“I press on ….” Philippians 3:14(a) (NIV)
Some days are like that. Seasons in life can be like that. And sometimes it seems that all of life is like that. Requiring me simply to press on.
Sports training and conditioning can be like that too. Whether it’s for a triathlon, marathon, or plain-old health improvement … some days we just need to press on. We need to make ourselves run the required miles for the day, swim and bike for the day, or simply just get up and go to the gym even when we don’t feel like it. Why? Because we know it’s all cumulative. We know that, ultimately, we are in pursuit of a bigger goal and that we might not reach it if we let today’s feelings get in our way. We press on for the goal (of the triathlon or marathon or whatever it is).
Spiritually, we are in training too. Life on earth is a training ground for what is to come — a victory that Christ has already won for us, and yet (in some inexplicable way) we partner in and participate in as we journey through life. We press on … sometimes even when we don’t feel like it … because ultimately we want to prove ourselves grateful and worthy of all He has done for us. We want to be faithful to the One who created us and gave His all for us. We keep doing what He has told us is right and good (and avoiding the opposite), because He has told us it pleases Him. And we want to please Him.
So today, I press on. I press on, even though it’s hard today. I press on because I know that one step forward and two steps backward is really one step in the wrong direction. I press on, as Paul says, “toward the goal to win the prize for which God has called me heavenward in Christ Jesus.”
And I hope you press on too.
“If you then, though you are evil, know how to give good gifts to your children, how much more will your Father in heaven give ….” Luke 11:13 (NIV)
I have been blessed with two amazing children. While I am trying to raise them so that they are not attached to worldly things, I do enjoy giving them gifts. Giving good gifts brings joy to me and to them.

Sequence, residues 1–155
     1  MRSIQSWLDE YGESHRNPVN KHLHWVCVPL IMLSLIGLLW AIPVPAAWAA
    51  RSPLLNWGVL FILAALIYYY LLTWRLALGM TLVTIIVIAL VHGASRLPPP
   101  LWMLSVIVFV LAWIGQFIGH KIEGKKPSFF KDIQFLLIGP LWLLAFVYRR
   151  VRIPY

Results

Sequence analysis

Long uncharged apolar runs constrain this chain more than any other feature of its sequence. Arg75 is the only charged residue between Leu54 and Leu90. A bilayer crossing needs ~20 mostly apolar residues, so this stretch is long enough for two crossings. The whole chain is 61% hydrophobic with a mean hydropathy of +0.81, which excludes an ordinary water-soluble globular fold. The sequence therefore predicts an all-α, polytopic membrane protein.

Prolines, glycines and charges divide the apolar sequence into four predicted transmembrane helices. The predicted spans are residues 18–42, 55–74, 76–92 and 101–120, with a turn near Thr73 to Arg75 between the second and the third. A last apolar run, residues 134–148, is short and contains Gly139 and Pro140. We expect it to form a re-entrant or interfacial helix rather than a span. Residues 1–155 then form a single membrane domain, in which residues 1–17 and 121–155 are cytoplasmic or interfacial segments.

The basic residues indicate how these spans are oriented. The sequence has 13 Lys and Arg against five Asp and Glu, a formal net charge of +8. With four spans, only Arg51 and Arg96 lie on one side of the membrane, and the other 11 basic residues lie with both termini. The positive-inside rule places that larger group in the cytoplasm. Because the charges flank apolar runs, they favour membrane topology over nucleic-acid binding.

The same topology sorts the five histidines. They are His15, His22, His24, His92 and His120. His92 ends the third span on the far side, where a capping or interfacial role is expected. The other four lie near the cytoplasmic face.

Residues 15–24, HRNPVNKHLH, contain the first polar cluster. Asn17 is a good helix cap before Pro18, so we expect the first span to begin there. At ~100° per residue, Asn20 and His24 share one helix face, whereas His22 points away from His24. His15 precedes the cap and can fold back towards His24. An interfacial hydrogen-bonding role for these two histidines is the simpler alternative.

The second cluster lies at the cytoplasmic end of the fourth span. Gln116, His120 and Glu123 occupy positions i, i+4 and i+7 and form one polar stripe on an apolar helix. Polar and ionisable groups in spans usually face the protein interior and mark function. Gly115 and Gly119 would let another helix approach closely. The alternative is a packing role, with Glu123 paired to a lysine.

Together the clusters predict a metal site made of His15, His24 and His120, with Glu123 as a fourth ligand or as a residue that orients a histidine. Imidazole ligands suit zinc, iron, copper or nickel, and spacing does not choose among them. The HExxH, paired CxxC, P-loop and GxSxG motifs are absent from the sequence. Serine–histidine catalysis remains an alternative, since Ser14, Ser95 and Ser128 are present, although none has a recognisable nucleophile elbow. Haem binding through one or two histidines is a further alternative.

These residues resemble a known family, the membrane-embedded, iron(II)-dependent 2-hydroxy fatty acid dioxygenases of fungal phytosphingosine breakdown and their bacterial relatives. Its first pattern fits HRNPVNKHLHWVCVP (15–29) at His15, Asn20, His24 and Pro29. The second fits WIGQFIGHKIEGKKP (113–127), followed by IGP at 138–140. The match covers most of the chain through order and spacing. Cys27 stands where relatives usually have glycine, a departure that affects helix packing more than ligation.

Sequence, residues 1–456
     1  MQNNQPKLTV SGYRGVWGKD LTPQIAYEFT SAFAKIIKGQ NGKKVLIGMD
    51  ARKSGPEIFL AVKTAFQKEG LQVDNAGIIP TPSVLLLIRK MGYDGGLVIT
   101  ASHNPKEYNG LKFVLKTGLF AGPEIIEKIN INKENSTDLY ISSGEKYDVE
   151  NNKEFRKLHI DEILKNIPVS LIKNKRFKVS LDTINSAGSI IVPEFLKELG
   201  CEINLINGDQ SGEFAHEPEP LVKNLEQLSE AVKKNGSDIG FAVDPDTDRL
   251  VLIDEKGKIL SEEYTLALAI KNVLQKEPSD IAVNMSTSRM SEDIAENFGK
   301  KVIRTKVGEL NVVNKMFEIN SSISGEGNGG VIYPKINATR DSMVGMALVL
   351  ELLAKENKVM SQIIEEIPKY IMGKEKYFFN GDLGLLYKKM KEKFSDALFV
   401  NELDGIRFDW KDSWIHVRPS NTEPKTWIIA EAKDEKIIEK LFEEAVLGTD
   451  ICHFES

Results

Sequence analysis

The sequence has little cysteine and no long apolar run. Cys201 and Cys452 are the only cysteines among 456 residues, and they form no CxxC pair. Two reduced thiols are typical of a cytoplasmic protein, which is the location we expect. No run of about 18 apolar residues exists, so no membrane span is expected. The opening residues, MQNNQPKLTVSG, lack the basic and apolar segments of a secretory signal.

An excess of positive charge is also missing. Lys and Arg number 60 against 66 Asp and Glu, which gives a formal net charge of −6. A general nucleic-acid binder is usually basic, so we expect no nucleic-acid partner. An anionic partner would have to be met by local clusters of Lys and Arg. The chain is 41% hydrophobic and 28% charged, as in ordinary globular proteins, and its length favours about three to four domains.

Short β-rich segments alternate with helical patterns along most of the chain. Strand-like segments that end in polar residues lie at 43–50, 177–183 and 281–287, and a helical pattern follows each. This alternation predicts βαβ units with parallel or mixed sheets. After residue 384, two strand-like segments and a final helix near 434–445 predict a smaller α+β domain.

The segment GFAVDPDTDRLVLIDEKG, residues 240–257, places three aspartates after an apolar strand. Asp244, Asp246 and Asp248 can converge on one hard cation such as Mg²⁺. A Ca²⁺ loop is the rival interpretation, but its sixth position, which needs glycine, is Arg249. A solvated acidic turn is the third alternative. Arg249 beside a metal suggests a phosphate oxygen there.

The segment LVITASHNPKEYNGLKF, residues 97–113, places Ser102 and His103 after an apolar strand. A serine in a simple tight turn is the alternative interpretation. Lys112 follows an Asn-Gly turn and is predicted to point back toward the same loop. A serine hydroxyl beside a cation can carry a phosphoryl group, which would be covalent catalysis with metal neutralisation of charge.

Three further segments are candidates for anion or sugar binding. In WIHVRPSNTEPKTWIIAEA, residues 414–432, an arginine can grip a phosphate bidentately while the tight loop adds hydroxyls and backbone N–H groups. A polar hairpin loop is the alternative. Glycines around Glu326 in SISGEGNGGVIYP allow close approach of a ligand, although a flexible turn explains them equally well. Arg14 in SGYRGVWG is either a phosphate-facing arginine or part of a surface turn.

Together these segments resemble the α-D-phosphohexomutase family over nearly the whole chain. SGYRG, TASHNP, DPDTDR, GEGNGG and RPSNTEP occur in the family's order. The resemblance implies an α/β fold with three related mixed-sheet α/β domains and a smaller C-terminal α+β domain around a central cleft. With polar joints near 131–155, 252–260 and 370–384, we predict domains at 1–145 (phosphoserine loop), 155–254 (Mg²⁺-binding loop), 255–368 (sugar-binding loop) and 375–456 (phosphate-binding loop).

However, when I give them gifts, I am often met with varying reactions.
- Occasionally the gift is rejected … or worse, thrown across the room. My heart sinks.
- Sometimes the gift is courteously received but then sits on the shelf collecting dust. My heart is saddened, but relieved that at least some level of respect was shown.
- Sometimes the gift is loved … at first. Then as time goes on, the kids tire of the gift. I sigh, wondering what they might treasure.
- Other times, however, the gift is really loved. I know when the gift is really loved, because the gift is cared for, treasured and loved no matter how long they have it.
God has given us an amazingly good gift in our bodies. Our bodies are so incredibly intricate and complex (see e.g., last week’s entry Fueling & Cleansing). I often wonder how God experiences our response to this amazing gift He has given us. Do you think He thinks we love it!? What do our actions toward it reveal about our true response?
If you have kids, I know you’ve experienced this: your kid wants a new (fill in the blank toy) because he trashed the last one. And you think: ” you’ve got to be kidding!? Why would I buy you a new one when you couldn’t take care of the old one!?”
God gives good gifts. He has given you an awesome gift for you to care for, grow and steward. Show Him how grateful you are!
“How much more, then, will the blood of Christ, who through the eternal Spirit offered Himself unblemished to God, cleanse our consciences from acts that lead to death, so that we may serve the living God.” Hebrews 9:14 (NIV)
The human body is an amazing creation, comprised of 11 different systems. Lately, I’ve been thinking a lot about two of them — the cardiovascular system and the respiratory system. These two systems work together to fuel and to cleanse our bodies. Oxygenated blood is pumped by the heart throughout the body, providing oxygen and other nutrients to the body’s tissues. The body uses these elements to produce energy. Simultaneously, the blood carries away waste from the body’s tissues — waste like carbon dioxide and metallic by-products. Deoxygenated blood returns to the lungs, whereby carbon dioxide is removed from the body and blood is reoxygenated.
Amazing , isn’t it!?
When we exercise, our blood and our breath are increasingly important to continue the fueling and the cleansing of our body and its tissues. The body needs more oxygen to meet increased energy demands, which it turn produces more waste to be carried away. The blood and the breath are critical to our life and to our performance.
Funny how the same is true in our spiritual lives as well. Even there, the blood cleanses — that is, of Christ carries away our impurities and sin — while the breath of the Spirit fuels us for good works. (The same Greek word pneuma is used in the Bible to mean both breath and spirit — see May 13, 2014 post, Breathe.)
So the next time you are out on a walk, think about the work of the blood and the breath … and thank God for providing both!